Tech buses aren’t the only shuttles causing concern for San Franciscans these days. In the Outer Sunset, regular shuttles transporting locals to and from casinos outside the city have begun to cause tension with some residents—and the city is considering stepping in to regulate them, much as they have with tech shuttles.
The buses largely cater to Chinese and other Asian populations in the Bay Area, where they pick up and drop off numerous Asian passengers, largely elderly, who are looking to gamble. That's not an issue in the hustle and bustle of Chinatown, but in the quieter precincts of the Outer Sunset, some neighbors are furious about noise, trash, and other issues caused by the influx of shuttles.
In June 2015, Outer Sunset resident Lennie Yan began seeing shuttle buses to Geyserville's River Rock Casino pull up on a daily basis near her home at 36th and Noriega. Since then, she says, she and her neighbors have seen traffic accidents, increased littering, and property damage.
"We've noticed an increase of litter at that corner, and passengers are urinating in the trees, and tossing cigarettes on the sidewalk,” she told us.
Former resident Carol Eisenberger also had concerns about the buses. Though Eisenberger now lives in Israel, she sent letters voicing her concerns to District 4 Supervisor Katy Tang in both August and October, which she shared with us.
“I was stunned when I first saw so many strangers hanging around my house, on both sides of 36th Avenue at Noriega Street," she wrote in her August letter to Tang. While waiting to be picked up, casinogoers could be found "standing in front of and sitting directly on my front garden brick wall retainer ... eating and drinking and then throwing all of their garbage and cigarette butts into my front garden."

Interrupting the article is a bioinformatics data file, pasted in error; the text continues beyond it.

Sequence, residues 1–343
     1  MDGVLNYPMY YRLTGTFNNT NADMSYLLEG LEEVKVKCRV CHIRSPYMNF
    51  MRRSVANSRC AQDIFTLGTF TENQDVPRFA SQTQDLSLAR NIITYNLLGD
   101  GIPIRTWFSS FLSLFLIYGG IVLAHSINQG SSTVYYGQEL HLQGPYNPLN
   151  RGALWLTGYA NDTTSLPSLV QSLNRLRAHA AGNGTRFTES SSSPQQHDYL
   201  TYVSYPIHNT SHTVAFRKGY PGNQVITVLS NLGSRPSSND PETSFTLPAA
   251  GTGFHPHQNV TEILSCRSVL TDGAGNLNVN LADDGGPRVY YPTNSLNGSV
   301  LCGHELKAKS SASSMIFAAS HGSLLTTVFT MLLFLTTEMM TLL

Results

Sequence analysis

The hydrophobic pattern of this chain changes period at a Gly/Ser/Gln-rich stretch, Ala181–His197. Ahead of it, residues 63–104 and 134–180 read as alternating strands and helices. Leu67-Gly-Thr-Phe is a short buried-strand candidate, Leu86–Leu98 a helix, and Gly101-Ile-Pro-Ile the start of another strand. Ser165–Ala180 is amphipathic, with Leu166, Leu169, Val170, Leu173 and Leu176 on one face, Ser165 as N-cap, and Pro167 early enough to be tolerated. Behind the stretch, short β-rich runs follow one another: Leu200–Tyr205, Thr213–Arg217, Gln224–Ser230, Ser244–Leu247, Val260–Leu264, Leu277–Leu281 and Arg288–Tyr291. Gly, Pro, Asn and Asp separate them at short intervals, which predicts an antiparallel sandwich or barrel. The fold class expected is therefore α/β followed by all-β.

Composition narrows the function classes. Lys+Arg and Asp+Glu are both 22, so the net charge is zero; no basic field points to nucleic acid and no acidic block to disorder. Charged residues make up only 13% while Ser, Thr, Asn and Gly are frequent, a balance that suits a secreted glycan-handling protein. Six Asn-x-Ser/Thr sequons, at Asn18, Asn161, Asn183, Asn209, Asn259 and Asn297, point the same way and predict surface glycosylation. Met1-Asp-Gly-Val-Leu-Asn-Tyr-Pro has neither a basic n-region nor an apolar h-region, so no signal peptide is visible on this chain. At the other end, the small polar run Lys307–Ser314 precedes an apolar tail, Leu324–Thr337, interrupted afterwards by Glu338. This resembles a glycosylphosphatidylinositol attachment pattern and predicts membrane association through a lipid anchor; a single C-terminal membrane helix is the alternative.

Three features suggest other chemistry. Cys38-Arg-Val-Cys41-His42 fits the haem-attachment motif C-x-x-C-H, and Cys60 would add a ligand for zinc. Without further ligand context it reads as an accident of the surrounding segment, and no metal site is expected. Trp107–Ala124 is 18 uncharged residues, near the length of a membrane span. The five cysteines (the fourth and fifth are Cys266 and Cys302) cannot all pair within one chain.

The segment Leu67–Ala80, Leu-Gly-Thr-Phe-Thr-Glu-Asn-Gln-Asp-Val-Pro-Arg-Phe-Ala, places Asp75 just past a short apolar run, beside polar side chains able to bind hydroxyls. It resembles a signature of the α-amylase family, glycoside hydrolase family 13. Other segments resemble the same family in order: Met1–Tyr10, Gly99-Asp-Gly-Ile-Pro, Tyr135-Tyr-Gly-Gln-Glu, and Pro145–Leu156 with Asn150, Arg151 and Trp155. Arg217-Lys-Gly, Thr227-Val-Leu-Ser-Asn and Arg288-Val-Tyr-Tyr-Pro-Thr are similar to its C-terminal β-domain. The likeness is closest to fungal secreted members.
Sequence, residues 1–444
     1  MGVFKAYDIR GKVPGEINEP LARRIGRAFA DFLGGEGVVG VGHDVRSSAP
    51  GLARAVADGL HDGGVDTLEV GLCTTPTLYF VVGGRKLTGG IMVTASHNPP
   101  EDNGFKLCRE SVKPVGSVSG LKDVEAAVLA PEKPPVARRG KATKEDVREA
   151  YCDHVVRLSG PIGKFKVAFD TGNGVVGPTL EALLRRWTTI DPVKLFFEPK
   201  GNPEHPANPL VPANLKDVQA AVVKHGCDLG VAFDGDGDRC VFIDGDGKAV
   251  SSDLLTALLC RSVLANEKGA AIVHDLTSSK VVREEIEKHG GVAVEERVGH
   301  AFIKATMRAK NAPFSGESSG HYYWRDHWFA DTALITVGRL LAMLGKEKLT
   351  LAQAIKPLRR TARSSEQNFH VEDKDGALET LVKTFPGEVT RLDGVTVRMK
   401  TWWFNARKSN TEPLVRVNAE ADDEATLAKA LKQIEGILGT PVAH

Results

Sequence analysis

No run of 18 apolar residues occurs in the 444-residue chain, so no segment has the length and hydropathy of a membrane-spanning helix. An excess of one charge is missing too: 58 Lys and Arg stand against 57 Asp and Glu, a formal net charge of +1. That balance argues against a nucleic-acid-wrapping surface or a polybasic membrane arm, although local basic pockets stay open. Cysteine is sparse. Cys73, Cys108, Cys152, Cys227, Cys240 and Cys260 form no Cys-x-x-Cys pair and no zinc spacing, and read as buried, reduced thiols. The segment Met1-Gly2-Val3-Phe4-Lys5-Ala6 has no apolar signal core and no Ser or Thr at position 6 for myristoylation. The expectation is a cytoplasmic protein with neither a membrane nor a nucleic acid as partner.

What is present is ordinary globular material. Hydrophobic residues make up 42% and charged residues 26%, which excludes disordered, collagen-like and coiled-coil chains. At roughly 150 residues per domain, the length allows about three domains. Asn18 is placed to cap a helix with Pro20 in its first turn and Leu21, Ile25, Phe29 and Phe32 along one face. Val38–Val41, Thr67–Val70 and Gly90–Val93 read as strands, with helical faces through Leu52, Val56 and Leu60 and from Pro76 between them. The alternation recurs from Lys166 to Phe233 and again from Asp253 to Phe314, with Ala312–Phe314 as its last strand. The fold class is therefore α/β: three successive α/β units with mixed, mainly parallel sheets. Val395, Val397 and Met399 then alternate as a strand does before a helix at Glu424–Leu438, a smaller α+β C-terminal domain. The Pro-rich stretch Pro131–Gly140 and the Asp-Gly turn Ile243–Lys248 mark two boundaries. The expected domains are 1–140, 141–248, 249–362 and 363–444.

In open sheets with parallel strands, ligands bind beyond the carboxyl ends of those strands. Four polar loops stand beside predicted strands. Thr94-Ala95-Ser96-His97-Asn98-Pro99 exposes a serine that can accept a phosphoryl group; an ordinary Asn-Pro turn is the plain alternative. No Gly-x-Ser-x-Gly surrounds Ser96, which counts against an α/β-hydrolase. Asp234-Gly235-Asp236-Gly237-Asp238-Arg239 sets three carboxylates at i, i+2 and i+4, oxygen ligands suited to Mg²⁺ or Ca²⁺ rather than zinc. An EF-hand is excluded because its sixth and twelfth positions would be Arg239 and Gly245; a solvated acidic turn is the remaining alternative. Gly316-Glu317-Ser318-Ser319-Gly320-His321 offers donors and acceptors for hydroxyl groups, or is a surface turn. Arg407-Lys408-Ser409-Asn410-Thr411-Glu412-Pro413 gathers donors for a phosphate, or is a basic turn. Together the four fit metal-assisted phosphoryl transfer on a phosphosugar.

Photos sent by Carol Eisenberger in a letter to Supervisor Katy Tang.
Multiple casino companies run shuttle buses within San Francisco and the Bay Area, and almost all of them make stops in the Sunset. Thunder Valley's buses pull up at 20th and Noriega, while Graton Resort & Casino has pickups all along 18th, stopping at Noriega, Irving, and Taraval. In addition to the disputed stop at 36th and Noriega, River Rock's bus makes stops along 19th, at Winston, Taraval, and Irving.
Each casino contracts its pickups to third-party bus companies; River Rock, the source of Yan's complaint, uses Sanmo Travel. “Some neighbors have called the bus companies directly, and they basically said they will not relocate," Yan said. "They say that SFMTA said they can use that location, despite all the complaints from neighbors already."
A River Rock Casino Express bus at 36th and Noriega. (Photo: Lennie Yan)
With no specific regulations regarding the casino buses, the SFMTA's hands are tied. “The City of San Francisco does not have a permit program for casino buses at this time," public relations officer Ben Jose told us. "Any vehicle may operate on any unrestricted street, or use any legal curb space."
With that said, "the agency has received complaints about a few specific locations. The SFMTA takes these concerns seriously, and follows up directly with the casino bus provider on specific complaints.”
Supervisor Tang's legislative aide, Wilson Ng, assured us that she was “very aware” of the situation, and that her office is working with the SFMTA to find a solution for neighbors' frustrations regarding the casino bus pickups.
“We’ve heard them loud and clear. This is something we definitely want to address and find a better location," said Ng. “We’re looking at both private and public structures, possibly a private partnership.”
“I hope that SFMTA will craft a comprehensive solution to address casino buses citywide given the impacts on residents where these casino buses pick up and drop off passengers,” Tang said in a later statement. “My hope is that there will be regulations and structure similar to other privately operated shuttles in the City so that there can be better oversight and accountability of their operations.”
But while everyone agrees that the buses are an issue, no timeline has been set for moving them, and a long-term solution is not yet in place. In the meantime, neighbors with concerns "are more than welcome to contact our office," said Ng. "We do want to know how it’s impacting our neighbors, and we are urging the SFMTA to come up with a citywide solution. We want them to address the issue—not just the two stops that are in our district.”For Yan, a new plan for the buses can't come quickly enough. “Residential neighborhoods do not have stops for these large buses to pull over safely," she said. "All of this is getting worse for the neighborhood.”
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